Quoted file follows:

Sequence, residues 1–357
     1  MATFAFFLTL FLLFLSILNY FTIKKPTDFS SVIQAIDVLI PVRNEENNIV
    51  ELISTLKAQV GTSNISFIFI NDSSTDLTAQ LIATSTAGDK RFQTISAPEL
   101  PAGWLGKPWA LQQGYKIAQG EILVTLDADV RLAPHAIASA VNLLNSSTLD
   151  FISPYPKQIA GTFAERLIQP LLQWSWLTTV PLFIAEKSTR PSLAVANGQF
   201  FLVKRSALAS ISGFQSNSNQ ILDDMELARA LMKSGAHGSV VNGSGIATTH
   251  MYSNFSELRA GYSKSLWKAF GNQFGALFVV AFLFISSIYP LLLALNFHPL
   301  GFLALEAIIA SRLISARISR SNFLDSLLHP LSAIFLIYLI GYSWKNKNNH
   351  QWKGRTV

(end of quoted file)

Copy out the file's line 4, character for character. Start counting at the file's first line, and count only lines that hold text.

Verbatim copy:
   101  PAGWLGKPWA LQQGYKIAQG EILVTLDADV RLAPHAIASA VNLLNSSTLD